The Irving Independent School District is doing something good to ensure that its students enrolled in remote learning are living and learning in a safe, stable environment.
The school district recently started a program called its Home Visit Blitz, where educators and district employees set out to visit the homes of 150 students a week.
As of Tuesday, Irving ISD representatives had been in the homes of approximately 800 students.
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Among the many concerns the district has discovered and helped to resolve are internet connectivity, lack of electricity, lack of sufficient food for the family and lack of proper adult supervision.
"We had a family of four, mom is working from seven until four, we went out and visited in their home [and found the kids] by themselves - second grade through fifth - and we are asking them to do work by themselves?” said Lance Campbell, Irving ISD assistant chief of campus operations, of a particularly concerning situation his staff recently discovered. “We called the principal they start [in school] on Wednesday. So those are types of things that we are trying to bridge the gap, and we believe that is making a huge impact.”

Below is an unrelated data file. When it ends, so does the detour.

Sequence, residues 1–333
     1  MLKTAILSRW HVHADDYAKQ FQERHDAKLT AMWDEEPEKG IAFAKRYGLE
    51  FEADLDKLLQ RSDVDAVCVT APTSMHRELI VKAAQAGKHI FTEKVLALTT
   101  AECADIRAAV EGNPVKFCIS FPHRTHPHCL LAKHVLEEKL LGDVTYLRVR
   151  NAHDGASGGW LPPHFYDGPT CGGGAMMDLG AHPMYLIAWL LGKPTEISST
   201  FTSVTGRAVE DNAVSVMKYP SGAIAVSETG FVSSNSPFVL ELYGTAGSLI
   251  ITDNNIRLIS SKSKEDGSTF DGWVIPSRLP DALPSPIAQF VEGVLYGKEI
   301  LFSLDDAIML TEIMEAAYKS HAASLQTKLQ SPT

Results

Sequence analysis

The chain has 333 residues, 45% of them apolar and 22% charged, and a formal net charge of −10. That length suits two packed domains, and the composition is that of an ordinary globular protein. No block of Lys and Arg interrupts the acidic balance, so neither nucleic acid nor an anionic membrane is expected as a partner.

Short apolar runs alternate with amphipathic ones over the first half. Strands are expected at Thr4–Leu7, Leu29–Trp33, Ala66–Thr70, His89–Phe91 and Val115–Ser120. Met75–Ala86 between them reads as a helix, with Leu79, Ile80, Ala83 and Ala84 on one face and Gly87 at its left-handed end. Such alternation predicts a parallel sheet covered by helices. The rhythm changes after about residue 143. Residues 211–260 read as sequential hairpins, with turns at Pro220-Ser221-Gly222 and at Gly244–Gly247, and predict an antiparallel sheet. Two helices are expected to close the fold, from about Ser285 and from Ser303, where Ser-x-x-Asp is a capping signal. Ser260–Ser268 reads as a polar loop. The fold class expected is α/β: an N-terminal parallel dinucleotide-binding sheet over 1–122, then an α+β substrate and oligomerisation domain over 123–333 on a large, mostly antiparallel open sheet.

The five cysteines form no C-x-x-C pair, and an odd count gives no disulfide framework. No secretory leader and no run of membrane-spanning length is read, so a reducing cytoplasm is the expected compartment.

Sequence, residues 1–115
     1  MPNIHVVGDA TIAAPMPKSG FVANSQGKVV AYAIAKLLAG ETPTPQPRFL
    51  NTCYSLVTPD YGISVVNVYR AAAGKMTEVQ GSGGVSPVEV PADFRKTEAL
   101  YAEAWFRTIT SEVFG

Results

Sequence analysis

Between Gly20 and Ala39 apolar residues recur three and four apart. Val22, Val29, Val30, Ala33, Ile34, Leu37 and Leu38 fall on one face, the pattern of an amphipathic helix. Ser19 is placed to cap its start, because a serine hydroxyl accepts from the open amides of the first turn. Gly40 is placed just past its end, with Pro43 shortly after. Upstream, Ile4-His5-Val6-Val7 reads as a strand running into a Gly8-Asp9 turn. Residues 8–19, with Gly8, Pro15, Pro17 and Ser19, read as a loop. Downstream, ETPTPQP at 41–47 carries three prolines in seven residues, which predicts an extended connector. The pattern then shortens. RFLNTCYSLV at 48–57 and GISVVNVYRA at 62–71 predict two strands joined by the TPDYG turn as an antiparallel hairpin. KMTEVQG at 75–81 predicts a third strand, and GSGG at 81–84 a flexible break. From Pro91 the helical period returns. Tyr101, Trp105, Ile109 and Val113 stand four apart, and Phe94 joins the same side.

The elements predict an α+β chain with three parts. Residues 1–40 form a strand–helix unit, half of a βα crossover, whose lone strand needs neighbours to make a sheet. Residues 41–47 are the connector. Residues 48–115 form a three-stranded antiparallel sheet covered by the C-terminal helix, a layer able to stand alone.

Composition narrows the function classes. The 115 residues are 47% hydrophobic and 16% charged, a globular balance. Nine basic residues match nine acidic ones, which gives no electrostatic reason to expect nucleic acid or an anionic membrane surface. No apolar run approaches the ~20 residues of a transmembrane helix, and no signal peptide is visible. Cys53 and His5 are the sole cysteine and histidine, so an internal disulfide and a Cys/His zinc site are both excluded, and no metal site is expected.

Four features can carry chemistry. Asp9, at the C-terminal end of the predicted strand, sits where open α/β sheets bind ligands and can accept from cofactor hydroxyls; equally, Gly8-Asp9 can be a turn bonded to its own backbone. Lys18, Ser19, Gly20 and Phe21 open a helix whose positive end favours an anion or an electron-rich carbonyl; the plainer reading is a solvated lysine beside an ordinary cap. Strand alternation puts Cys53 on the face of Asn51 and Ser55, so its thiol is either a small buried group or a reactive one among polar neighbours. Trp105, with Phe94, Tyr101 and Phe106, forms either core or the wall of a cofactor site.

The district contacts parents or guardians prior to the visit and each district employee who goes to the home arrives with a complimentary care package of food to be used for meal preparation for the family.
Mayra Orozco has five kids to keep track of at her Irving apartment.
"When I have to go work, it's like, 'Are you guys on making sure they attend class? Get on Zoom?" she said.
Armed with everything from food to hotspots, attendance officers are making the rounds, checking in not only on kids who aren't logging on but also students who may be home alone because their parents are working.
Ninety-five percent of Irving ISD's students are actively participating in class, the district said it hoped steps like this will push them to 100%.
The extra step appears to be working.
“We’ve heard a lot of, ‘God bless you.’ We’ve heard a lot of, ‘Thank you,’” Campbell said. “It’s really been impactful for us. Our teams come back, and they just feel like they’ve done some great things that day.”
The groceries and money to help the families in need have come from charities and nonprofits. The district said it was confident helping families socially will make it easier to learn.